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How much do catle contribute to climate change A recent report claims that globally livestock contribute 40 of the emissions that come from agricultural production

How much do catle contribute to climate change? A recent report claims that globally, livestock contribute 40% of the emissions that come from agricultural production.

The Climate Police Are At It Again

The Intergovernmental Panel on Climate Change (IPCC) recently released a draft report that, once again, questions the value of livestock production and animal protein in the diet.

The report, titled “Climate Change 2014: Mitigation of Climate Change, [3]” looks at many human activities and attempts to not only tie them to climate change, but to suggest ways those activities can be changed to mitigate the effects of climate change on the globe. The latest report is one of a series that has come out every seven years, says Chuck Rice, a Kansas State University (KSU) distinguished professor and soil microbiologist, and one of the lead authors of the agriculture chapter.

It is the fifth such report to be produced, and according to IPCC, it was a four-year effort involving 235 authors from 58 countries. The report is voluminous—the chapter on Agriculture, Forestry and Other Land Uses alone is 181 pages—and the report covers many sectors of the global economy, including energy, transportation, buildings and industry.

For background, the IPCC was established in 1988 as an international body for assessing the science related to climate change. It is a function of the World Meteorological Organization and the United Nations (UN) Environment Program to, as a factsheet says, “provide policymakers with regular assessments of the scientific basis of climate change, its impacts and future risks, and options for adaptation and mitigation. The assessments are policy-relevant but not policy-prescriptive: they may present projections of future climate change based on different scenarios and the risks that climate change poses and discuss the implications of response options, but they do not tell policymakers what actions to take.”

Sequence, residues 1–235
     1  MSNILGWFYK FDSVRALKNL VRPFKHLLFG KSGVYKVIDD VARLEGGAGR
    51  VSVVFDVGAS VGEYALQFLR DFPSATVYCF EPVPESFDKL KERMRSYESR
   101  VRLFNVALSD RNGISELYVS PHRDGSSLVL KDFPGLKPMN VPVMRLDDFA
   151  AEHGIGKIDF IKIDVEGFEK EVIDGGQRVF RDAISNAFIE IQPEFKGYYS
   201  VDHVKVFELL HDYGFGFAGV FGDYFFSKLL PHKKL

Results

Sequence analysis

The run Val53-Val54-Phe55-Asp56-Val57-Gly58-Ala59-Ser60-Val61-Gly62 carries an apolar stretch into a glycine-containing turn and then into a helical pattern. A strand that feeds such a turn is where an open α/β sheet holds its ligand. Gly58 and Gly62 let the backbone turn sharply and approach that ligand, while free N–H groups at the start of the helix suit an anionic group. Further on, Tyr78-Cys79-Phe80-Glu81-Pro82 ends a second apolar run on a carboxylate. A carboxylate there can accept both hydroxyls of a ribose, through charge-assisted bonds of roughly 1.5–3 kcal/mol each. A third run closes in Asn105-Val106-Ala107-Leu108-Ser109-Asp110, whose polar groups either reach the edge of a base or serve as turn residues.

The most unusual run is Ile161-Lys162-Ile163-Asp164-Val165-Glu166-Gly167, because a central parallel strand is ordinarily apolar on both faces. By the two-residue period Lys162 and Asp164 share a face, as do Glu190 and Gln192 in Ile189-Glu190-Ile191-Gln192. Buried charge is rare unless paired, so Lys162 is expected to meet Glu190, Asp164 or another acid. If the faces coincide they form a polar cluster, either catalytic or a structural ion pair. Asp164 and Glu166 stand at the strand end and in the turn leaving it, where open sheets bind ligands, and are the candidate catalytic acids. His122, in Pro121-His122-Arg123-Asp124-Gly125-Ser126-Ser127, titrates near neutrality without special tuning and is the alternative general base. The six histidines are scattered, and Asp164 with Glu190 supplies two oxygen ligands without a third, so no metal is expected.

While the report is rich in opportunities for analysis, let’s look at the agriculture chapter. “Agriculture globally contributes about 10% to 12% to greenhouse gas emissions,” Rice says in a KSU news release [4]. “If you add in forestry, it moves it up to around 25%. Agriculture is significant but not the major contributor and has declined slightly, percentage-wise, since the last report in 2007, not so much because agriculture has changed that much but because the energy sector is contributing more.”

Rice says it’s important to remember that the IPPC report’s authors are not creating new science but rather assessing the current state of the science on how agriculture, forestry and land use contribute to and can mitigate greenhouse gas emissions. They conducted literature reviews and summarized key points of the science that’s occurred since the last report in 2007.

"Climate change" is controversial

He acknowledged that the words “climate change [5]” can be controversial among some people, but added, “As far as greenhouse gas emissions and concentrations in the atmosphere, I don’t think there’s any controversy. Those are true measurements. The science is really solid on that. What people might question is, what’s the impact of those greenhouse gases?

“It is certainly clear by 97% of those climate scientists that the increases in greenhouse gases such as CO2, nitrous oxide and methane, have resulted in about a 1.5°F increase in global temperatures. That’s an important point, that it’s global. There’s a lot of variation around the globe. In time, our atmosphere goes through natural cycles and what the scientists are saying is that what we’re doing is enhancing those cycles,” Rice says.